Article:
The beginnings of Zakopane are connected with seasonal pasturage of sheep on the Tatra glades. The first settlers arrived from southern Poland as early as the 14th century. The administrative power of the King of Poland was vested in Nowy Targ Starosta office. The name Zakopane is first mentioned in a document by King Zygmunt III of the Waza Dynasty dated April 20th, 1630. The name is connected with the Polish word “Zakopane” (“deforested”) and it was originally written down as “Za Kopane”[1.1]. The tradition says that the location privilege for Zakopane was issued by King Stefan Batory in 1578, but that document is missing[1.2]. In the year 1670 that privilege was confirmed by King Michał Korybut Wiśniowiecki. The village had 43 inhabitants in 1676 (including the inhabitants of Olcza and Poronin), most of them shepherds and farmers. A large influx of settlers followed in the 18th century, when gold, silver, copper and iron ore were discovered in the Tatra Mountains. A foundry was built in Kuźnice in 1766 and a year later similar works were built in Kościelisko. Due to exhaustion of deposits of ore both of those works were closed in the second half of the 19th century.

In 1772 Zakopane was annexed by the Austrian Empire and in 1824 sold (including part of Tatra Mountains) to the Homolascy Family. According to the first census of 1818 Zakopane had 340 homes inhabited by 445 families (871 men and 934 women). Under Homolascy rule Zakopane became an independent parish, the first rector of the new parochial church, built in 1847 was Józef Stolarczyk. Due to its unfavorable location the village did not bring a lot of income. The golden era of Zakopane came in the second half of the 19th century, when it’s climate conditions were popularized by Dr. Tytus Chałubiński. In 1886 the village was granted the status of a health-resort. Further development followed after the village was taken over by Count Władysław Zamoyski in 1889. The construction of the road to Nowy Targ as well as the railway line from Chabówka largely accelerated this process. Due to the easier access the number of guests visiting the resort increased dramatically. At the end of the 19th century Zakopane had already 3,000 inhabitants.

At the beginning of the 20th century numerous pensions and sanitariums for patients with tuberculosis were built in Zakopane. The village became popular among artists and writers. Among others Henryk Sienkiewicz and Stanisław Witkiewicz (the creator of so called “Zakopiański Style” – still a trademark of the Podhale region) settled in Zakopane.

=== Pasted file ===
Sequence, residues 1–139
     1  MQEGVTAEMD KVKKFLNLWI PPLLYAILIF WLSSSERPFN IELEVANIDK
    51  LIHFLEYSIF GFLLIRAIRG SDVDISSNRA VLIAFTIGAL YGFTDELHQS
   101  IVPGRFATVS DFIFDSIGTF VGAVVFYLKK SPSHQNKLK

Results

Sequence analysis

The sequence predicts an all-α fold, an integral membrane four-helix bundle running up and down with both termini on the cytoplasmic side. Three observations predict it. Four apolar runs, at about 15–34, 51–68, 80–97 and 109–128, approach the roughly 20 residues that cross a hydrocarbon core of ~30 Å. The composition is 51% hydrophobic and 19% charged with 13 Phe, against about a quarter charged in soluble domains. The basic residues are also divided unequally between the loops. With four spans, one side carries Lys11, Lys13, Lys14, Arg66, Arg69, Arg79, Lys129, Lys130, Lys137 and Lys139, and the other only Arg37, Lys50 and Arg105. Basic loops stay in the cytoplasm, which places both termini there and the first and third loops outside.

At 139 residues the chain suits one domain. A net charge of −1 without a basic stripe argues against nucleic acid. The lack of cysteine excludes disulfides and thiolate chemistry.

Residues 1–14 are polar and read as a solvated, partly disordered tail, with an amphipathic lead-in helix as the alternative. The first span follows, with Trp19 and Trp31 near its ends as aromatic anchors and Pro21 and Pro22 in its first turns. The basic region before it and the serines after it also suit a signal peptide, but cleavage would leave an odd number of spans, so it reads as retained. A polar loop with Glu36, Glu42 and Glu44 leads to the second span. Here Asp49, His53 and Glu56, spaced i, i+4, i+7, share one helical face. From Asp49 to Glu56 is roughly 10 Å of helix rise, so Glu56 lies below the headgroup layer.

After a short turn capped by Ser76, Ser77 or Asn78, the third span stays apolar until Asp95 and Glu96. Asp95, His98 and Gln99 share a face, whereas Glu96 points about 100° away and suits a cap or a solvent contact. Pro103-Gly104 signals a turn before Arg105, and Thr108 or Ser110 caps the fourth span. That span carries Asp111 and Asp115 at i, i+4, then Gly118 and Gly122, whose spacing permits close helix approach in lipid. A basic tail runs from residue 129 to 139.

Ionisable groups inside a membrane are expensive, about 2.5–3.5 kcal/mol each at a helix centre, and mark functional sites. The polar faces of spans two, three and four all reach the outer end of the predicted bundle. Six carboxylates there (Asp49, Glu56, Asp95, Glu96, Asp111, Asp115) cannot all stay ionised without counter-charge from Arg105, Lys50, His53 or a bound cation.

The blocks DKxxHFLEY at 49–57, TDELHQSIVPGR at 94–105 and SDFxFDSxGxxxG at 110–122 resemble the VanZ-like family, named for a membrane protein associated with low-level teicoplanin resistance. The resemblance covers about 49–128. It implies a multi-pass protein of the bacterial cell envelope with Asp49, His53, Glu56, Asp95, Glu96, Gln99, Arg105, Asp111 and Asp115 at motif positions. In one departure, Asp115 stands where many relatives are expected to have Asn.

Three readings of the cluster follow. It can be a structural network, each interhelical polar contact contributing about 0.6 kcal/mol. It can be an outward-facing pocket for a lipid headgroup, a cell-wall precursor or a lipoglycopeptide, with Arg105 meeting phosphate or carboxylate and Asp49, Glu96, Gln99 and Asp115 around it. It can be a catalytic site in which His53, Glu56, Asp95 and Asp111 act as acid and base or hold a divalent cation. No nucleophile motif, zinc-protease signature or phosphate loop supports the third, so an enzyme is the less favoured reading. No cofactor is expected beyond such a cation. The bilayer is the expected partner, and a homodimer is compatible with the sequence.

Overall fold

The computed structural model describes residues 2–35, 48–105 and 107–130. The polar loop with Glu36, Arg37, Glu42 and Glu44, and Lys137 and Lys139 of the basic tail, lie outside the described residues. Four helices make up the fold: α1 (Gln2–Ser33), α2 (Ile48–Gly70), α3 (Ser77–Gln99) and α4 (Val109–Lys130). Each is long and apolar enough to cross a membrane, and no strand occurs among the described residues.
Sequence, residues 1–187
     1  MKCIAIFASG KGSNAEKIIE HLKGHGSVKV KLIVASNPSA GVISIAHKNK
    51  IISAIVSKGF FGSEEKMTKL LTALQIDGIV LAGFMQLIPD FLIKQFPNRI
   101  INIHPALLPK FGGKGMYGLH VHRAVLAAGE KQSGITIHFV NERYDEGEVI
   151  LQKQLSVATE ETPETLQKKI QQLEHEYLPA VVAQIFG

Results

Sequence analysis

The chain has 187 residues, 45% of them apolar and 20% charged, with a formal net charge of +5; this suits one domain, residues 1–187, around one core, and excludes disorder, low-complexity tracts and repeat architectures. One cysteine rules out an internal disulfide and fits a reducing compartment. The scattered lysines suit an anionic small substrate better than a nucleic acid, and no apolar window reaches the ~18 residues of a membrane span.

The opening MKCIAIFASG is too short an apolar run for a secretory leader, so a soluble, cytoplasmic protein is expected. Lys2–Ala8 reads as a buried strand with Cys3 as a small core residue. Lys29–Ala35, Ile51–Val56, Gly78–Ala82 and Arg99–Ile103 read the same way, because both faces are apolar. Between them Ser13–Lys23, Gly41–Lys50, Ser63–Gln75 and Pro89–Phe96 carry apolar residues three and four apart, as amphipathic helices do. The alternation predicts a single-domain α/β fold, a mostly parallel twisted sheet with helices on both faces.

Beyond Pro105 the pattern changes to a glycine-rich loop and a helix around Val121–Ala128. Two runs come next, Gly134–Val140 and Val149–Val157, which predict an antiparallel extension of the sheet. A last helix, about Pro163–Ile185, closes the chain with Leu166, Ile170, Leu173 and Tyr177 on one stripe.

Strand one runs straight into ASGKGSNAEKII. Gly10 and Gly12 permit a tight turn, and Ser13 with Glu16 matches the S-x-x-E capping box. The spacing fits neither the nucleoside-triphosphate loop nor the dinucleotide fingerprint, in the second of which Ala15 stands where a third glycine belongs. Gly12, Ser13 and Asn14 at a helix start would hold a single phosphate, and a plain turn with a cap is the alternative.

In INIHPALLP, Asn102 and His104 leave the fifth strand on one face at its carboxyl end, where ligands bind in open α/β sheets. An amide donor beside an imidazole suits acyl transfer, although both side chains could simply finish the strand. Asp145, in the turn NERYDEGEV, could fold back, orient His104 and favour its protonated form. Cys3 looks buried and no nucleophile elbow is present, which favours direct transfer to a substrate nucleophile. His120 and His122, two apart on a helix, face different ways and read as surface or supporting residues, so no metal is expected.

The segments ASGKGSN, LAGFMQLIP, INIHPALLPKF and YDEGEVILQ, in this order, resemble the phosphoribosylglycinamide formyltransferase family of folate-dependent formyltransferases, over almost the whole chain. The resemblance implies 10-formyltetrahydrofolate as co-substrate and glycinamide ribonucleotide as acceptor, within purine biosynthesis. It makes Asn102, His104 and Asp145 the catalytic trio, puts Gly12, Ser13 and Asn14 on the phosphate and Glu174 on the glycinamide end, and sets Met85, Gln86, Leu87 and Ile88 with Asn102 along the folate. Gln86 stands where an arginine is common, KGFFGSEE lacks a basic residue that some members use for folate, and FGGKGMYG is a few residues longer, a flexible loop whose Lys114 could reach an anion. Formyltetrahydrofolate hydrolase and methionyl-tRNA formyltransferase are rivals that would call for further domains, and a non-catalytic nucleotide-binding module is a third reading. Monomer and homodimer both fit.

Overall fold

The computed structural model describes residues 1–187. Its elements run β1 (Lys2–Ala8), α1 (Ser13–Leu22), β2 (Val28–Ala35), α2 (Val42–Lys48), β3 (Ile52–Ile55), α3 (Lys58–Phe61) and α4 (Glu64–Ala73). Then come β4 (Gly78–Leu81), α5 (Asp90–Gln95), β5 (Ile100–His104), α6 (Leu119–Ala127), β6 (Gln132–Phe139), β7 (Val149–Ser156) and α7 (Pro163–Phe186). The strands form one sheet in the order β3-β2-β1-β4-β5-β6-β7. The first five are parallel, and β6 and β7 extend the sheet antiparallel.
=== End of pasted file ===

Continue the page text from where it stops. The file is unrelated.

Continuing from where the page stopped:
After World War I, Count Zamoyski devised all of his estate, as a foundation, to the Polish people. The Tatra estate, including forests in Zakopane, Brzegi, Bukowina, Kościelisko, Dębno and Zubsuche formed the core of the Tatra National Park formed after World War II. Between the World Wars Zakopane was still a stage for dynamic development. FIS World Skiing Championships took place in Zakopane in 1929 and 1939. The village was given town status on October 18th, 1933. The number of tourists reached 60 thousand in the 1930s.

During the Second World War Zakopane became a major resistance trafficking centre on the border with Hungary. The basement of the “Palace” Hotel was converted to a Gestapo prison (called “the butchery of Podhale”). In the beginning of March, 1940 in the villa “Tadeusz” a joint convention on methods of operating against Polish resistance was organized by the Gestapo and the Soviet NKVD. The convention was also organized for the purpose of exchanging information.

In 1955 the government of the Polish Peoples Republic passed a bill on touristic, recreational and sports development of the town. It marked a positive change and brought investments. A bus interchange, cheap tourist hotel (“Dom Turysty”) and a sports training centre at the foot of the Krokwia ski jump were constructed (the ski jump was also rebuilt). The Post Office was moved to a new office building. In 1962 Zakopane was the host of the World Championships in Skiing. In February of 1993 and 2001 it hosted the world’s best student skiers participating in FISU Winter Universiades. Nowadays the town is the most important sports and mountain tourism center in Poland[1.3].


  • [1.1] [as of 29.08.2008].
  • [1.2] [as of 29.08.2008].
  • [1.3] Oprac. na podstawie: Zakopane. 400 lat dziejów, pod red. R. Dutkowej, Kraków 1991.